Not-So-Spooky Spooky Reads for Easily Spooked Readers Who Still Like Seasonal Reads
by Ashley Dickson-Ellison (@teachingtheapocalypse)
In anticipation of our annual Spooky Reads episode that will release on Wednesday, I wanted to share some (not-so-spooky) spooky favorites I've enjoyed. Listeners know that I'm not big on reading spooky books, but I do love speculative fiction, fantasy, and the occasional paranormal presence, and I also love seasonal reads. Here are some books that would be perfect seasonal reads for mood readers. These books are atmospheric but not scary. They're all perfect autumn reads, and I've included a wide range of picks to suit different readers' preferences.
Neil Gaiman's The Ocean at the End of the Lane (Amazon | Bookshop.org) - This short book is eerie and has some kind of disturbing scenes, but it's also whimsical and relies on the idea that there are forces at work in the world that are hidden from the average person and that a child who stumbles upon them must find a way through the challenging situation. In this one, a man returns to his childhood home and suddenly remembers a long-suppressed memory that unfurls for the reader. (I've loved everything I've read of Gaiman's work, and any of them would be good October picks!)
Ambelin Kwaymullina & Ezekiel Kwaymullina's The Things She's Seen (Amazon | Bookshop.org) - This short YA lit book packs a powerful punch and is such a captivating read. Beth Teller, the protagonist, is a ghost detective determined to help her father, an investigator, who is barely able to function because of the grief he's experiencing after losing her. An unfurling mystery gives Beth focus and purpose and helps her better understand her path. I really enjoyed this one and particularly liked the way that verse was incorporated into parts of the story.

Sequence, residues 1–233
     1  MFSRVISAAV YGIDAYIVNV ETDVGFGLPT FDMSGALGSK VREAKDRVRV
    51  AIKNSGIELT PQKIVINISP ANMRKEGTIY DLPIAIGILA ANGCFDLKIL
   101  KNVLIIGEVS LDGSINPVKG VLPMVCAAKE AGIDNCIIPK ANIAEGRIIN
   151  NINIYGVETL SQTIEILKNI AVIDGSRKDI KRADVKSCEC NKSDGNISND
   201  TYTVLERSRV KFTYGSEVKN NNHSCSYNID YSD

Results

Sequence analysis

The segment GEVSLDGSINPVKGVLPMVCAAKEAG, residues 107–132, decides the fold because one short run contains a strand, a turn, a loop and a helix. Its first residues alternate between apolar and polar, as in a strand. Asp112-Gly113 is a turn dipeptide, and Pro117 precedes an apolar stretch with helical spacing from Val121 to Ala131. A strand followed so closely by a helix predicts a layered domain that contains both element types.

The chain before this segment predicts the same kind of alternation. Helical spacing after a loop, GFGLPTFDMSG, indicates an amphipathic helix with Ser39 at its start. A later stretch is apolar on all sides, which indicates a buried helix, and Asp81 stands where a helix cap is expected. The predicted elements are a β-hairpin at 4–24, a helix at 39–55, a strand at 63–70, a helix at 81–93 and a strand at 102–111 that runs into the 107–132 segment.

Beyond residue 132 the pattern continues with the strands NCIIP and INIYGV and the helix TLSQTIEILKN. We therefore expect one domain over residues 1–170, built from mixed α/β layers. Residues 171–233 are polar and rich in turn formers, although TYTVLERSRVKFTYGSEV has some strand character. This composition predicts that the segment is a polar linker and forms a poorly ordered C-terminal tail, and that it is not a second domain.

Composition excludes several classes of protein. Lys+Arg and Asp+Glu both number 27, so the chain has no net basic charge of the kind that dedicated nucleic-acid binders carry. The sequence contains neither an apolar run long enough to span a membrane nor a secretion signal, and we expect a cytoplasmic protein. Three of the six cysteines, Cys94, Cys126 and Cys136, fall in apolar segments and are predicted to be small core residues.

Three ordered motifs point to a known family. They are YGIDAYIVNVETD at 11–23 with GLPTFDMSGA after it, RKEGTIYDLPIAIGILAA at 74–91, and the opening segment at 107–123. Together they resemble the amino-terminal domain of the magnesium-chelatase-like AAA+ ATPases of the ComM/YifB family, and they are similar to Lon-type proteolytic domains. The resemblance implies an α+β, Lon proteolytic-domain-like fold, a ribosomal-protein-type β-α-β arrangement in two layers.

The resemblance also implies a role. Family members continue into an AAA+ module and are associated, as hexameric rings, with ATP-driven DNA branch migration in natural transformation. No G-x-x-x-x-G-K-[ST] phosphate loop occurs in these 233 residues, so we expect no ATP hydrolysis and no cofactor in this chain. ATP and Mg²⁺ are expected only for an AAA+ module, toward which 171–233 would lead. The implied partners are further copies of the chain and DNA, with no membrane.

Rachel Griffin's The Nature of Witches (Amazon | Bookshop.org) - In this YA lit story, Clara is an Ever Witch, and she has a special ability to be powerful all four seasons instead of being seasonal like the rest of the witches who can only access their strongest magic during their season. But that special ability comes with a steep price, and because of it, she refuses to embrace her magic. But the world needs her, especially as more and more climate events occur, and she will have to find her way forward in part with the help of Sang, another witch who is a talented botanist with a calming presence. I really enjoyed this one!
Justine Ireland's Dread Nation (Amazon | Bookshop.org) - Historical fiction + zombies? Yes, please. I am not a huge zombie fan (in books, though I'm sure I wouldn't love them in real life, either!), but this YA lit book, set in during the American Civil War era and focusing on an alternate history version where the dead begin rising after the battle at Gettsyburg, resulting in a need for trained protectors. Laws like the Native and Negro Reeducation Act force teens like the protagonist Jane to become trained combat fighters preparing for a life of fighting against the walkers who won't stay dead. Ireland's setting is unique, and her alternate history setting invites readers to take a close examination of institutionalized racism within real American history. I need to get back to this series!
Nnendi Okorafor's Akata Witch (Amazon | Bookshop.org) - I love Okorafor's work, and Akata Witch is such a great middle-grade read! Sunny is an albino twelve year old living in Aba, Nigeria, and she finds herself doing her best to stay out of the center of attention. But then she discovers the Leopard people, and suddenly her albinism becomes a central part of her new powers. I loved Sunny and her friends and really enjoyed this one, and I want to return to this series. (I'm noticing a trend here of series books I'd like to finish!)
Rainbow Rowell's Pumpkinheads, illustrated by Faith Erin Hicks (Amazon | Bookshop.org) - This one is not spooky at all, but this YA lit graphic novel, set on a festive seasonal pumpkin patch and focusing on a couple of the high school workers, is fun and fast, and it's an uplifting story about self-acceptance and young love. Seasonal readers will love the setting, and the illustrations are beautiful!
I'd be remiss here if I didn't mention Shea Ernshaw's work before signing off. Her books, The Wicked Deep and Winterwood, are definitely my go-to picks when it comes to atmospheric works perfect for this spooky autumn season. (Tune in on Wednesday to hear Jen's thoughts about Ernshaw's upcoming book!)
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